Apres ski businesses are currently closed by law along with nightclubs, while a 10pm curfew applies to other restaurants and bars, along with other restrictions for gastronomy and events.
The town of Kitzbühel is currently hosting the Hahnenkamm Alpine Ski World Cup — and also has an incidence rate (new Covid cases per 100,000 residents over seven days) of more than 3,000, significantly above the already high national average of over 1,200.
A prominent Austrian startup founder, Florian Gschwandtner was forced to apologise after sharing a video on Instagram of a rowdy party in an apres-ski bar in the town. The video showed violations of several Covid rules, including guests drinking at a bar when currently eating and drinking may only take place while seated.
Gschwandtner said that it was a “mistake” to join the party and that he should not have done it given his status as a “role model”.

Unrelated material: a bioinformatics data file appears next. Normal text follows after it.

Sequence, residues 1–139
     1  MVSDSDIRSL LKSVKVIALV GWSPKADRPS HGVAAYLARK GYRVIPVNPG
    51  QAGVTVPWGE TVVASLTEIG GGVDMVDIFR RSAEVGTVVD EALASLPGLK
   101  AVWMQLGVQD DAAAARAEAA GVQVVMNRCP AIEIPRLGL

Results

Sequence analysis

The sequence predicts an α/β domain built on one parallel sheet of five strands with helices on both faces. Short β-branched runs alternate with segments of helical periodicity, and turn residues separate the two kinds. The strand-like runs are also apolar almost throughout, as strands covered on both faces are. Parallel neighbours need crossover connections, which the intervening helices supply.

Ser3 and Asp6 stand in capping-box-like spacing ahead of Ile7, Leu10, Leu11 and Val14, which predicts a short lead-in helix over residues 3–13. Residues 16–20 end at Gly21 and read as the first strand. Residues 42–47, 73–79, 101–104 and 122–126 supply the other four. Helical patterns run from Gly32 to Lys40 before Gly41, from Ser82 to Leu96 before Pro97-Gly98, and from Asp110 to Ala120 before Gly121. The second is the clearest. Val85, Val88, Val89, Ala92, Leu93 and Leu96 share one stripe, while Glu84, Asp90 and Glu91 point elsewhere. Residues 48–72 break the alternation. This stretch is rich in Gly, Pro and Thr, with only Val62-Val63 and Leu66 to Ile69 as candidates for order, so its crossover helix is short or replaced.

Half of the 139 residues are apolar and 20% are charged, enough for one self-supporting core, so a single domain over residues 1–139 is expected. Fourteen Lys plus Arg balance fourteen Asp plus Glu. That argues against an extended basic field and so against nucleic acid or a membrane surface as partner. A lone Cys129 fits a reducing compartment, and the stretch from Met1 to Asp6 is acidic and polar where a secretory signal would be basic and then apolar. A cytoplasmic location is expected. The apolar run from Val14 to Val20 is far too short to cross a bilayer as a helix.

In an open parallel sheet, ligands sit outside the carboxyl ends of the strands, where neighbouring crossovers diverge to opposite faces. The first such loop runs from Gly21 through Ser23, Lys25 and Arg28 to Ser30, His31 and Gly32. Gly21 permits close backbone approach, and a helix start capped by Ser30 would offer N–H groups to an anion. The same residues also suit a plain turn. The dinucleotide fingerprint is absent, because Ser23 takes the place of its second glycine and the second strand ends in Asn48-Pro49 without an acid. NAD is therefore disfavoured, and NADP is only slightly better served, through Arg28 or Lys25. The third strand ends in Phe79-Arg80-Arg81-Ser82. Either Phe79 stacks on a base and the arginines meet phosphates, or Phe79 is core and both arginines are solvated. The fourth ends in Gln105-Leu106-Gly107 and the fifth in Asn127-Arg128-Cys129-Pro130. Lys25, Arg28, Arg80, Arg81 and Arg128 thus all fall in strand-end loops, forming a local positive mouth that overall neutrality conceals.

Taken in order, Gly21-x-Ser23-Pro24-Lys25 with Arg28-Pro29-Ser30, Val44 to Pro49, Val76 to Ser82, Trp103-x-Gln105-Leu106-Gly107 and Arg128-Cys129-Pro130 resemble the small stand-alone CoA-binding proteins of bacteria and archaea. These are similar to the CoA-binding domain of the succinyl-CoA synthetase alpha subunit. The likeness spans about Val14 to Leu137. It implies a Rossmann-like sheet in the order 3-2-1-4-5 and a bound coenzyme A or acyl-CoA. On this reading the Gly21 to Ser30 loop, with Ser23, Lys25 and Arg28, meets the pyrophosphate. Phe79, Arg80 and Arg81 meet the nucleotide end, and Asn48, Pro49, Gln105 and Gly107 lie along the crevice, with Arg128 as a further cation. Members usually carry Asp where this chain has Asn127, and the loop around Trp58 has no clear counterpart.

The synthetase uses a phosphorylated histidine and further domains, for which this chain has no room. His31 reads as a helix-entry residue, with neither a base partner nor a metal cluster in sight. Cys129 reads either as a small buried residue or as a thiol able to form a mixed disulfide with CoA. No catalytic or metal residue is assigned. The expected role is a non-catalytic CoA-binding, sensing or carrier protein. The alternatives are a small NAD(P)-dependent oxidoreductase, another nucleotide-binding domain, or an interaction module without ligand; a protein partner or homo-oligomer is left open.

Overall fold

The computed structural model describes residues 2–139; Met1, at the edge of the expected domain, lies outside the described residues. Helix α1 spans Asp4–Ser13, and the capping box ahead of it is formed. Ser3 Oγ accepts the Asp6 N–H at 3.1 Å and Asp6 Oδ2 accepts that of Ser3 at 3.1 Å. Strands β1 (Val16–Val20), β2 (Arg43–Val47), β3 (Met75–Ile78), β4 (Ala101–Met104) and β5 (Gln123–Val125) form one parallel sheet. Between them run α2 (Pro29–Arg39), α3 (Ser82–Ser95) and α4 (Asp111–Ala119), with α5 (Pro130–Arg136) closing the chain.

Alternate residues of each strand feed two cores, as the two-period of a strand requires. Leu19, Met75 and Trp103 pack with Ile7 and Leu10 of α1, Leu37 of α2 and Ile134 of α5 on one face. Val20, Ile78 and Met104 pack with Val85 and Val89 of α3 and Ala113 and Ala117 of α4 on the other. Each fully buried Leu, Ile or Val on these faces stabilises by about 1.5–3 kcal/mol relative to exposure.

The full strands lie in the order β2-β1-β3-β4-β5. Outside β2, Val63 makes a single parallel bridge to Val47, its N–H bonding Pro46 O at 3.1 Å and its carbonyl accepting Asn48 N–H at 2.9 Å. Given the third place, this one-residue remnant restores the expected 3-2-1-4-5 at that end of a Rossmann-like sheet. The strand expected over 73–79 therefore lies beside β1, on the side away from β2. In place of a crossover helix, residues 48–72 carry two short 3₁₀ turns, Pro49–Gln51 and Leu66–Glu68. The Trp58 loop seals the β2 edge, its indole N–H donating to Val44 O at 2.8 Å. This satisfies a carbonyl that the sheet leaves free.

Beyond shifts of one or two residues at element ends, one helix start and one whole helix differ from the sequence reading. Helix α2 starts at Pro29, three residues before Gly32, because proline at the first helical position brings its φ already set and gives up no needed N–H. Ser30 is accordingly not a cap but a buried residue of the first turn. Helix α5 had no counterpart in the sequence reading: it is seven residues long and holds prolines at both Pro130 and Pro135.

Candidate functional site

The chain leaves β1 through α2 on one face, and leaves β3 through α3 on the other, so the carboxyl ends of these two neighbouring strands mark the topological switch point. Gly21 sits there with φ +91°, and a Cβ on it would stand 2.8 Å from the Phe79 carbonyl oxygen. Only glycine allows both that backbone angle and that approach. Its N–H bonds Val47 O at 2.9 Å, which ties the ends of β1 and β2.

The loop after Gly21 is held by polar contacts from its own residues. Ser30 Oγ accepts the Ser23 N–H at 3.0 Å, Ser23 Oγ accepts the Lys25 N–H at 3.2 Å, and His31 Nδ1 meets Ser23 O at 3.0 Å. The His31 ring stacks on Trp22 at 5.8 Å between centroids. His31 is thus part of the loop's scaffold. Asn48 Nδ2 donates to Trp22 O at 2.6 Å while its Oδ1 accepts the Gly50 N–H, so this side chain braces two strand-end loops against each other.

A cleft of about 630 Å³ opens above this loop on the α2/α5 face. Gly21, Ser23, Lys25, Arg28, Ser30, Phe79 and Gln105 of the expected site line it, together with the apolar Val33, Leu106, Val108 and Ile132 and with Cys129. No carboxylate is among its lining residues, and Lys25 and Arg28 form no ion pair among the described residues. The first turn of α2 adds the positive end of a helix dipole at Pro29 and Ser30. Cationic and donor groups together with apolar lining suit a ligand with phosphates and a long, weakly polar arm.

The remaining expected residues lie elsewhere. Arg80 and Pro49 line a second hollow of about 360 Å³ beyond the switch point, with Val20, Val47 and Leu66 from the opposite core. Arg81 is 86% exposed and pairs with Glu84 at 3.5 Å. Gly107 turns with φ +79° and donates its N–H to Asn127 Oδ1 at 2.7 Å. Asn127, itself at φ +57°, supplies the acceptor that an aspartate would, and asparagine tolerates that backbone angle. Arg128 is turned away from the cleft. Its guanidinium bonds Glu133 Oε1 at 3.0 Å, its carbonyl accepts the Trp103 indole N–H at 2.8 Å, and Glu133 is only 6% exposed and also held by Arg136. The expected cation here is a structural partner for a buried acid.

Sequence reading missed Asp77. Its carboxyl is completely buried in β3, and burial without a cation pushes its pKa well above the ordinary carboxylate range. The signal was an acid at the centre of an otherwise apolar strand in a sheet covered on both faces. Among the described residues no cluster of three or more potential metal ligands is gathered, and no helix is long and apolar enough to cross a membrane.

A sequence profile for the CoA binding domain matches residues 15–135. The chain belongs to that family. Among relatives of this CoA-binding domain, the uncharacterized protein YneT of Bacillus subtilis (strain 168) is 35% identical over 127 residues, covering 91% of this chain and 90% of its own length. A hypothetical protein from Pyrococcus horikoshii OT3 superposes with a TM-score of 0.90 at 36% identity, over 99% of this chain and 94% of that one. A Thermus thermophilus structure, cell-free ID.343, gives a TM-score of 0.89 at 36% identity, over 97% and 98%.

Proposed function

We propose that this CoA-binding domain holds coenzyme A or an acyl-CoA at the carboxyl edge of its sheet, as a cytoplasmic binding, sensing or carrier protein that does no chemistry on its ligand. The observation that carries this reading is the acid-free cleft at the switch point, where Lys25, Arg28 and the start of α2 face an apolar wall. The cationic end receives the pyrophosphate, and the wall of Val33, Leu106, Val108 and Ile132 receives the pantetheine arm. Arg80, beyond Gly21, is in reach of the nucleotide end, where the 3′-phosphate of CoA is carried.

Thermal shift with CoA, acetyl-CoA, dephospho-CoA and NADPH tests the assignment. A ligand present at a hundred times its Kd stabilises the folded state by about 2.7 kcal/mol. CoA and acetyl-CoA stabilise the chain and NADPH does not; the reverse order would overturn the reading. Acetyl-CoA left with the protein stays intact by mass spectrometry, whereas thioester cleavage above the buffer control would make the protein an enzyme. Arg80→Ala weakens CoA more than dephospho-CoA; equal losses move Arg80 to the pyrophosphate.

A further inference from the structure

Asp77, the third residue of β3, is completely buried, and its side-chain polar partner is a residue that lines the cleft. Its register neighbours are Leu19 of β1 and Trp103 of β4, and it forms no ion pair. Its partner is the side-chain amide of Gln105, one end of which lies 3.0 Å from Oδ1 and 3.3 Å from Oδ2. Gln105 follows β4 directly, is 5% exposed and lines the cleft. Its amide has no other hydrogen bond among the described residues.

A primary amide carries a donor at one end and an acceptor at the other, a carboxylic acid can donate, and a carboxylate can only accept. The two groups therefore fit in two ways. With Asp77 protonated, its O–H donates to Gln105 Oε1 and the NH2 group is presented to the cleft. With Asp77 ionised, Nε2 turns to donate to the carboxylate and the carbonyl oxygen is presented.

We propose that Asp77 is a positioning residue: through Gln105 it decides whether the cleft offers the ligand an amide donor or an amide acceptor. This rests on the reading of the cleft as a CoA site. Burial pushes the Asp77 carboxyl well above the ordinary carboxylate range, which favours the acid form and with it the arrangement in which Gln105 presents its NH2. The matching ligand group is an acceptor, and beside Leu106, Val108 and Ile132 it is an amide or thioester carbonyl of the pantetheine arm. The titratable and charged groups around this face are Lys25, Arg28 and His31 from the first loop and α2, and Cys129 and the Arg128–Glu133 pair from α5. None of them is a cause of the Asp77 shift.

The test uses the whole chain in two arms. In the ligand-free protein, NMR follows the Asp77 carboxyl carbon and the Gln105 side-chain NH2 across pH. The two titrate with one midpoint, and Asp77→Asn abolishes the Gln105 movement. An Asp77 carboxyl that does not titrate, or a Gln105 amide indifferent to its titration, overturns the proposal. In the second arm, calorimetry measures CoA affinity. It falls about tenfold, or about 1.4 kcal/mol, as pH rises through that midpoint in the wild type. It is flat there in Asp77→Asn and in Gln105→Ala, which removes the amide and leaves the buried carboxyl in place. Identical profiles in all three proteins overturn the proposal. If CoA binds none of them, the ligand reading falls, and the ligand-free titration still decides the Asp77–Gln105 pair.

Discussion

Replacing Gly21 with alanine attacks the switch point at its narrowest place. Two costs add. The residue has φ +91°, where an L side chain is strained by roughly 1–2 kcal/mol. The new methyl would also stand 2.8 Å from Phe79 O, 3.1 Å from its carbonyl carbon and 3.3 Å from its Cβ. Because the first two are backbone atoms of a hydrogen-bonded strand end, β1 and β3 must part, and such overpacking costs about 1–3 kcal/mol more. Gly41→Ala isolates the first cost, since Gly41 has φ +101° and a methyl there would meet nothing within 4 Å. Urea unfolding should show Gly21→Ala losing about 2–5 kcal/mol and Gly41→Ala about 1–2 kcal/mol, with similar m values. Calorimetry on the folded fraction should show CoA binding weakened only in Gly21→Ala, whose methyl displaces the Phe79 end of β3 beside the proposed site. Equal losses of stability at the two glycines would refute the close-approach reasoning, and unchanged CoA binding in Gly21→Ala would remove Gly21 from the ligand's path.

The local authorities have responded by closing outdoor gastronomy for the rest of the week, while the Hahnenkamm Races ski event is ongoing, and stepping up Covid checks in the town.
Police confirmed to the Kurier newspaper they had completed their report into possible violations of Covid laws at the bar.
“We know where the video was taken and sent a report to the district authority and reported the facts,” a police officer told the newspaper.
Police also confirmed that the restaurant had been the subject of reports over rule violations previously — though these were minor.
Asked about the video, Tourism Minister Elisabeth Köstinger said she had “absolutely no sympathy” with business owners who broke Austria’s current Covid rules, and noted that businesses which violate these rules are subject to repay financial aid they received from the government during the pandemic. Businesses which break Covid rules can also face fines.
Köstinger said that hospitality businesses which violated the rules in place were a “danger for the entire industry”. Austrian press agency APA has reported that the bar shown in the video from the weekend received €137,000 in coronavirus aid, according to an EU database which records aid of over €100,000 given to businesses.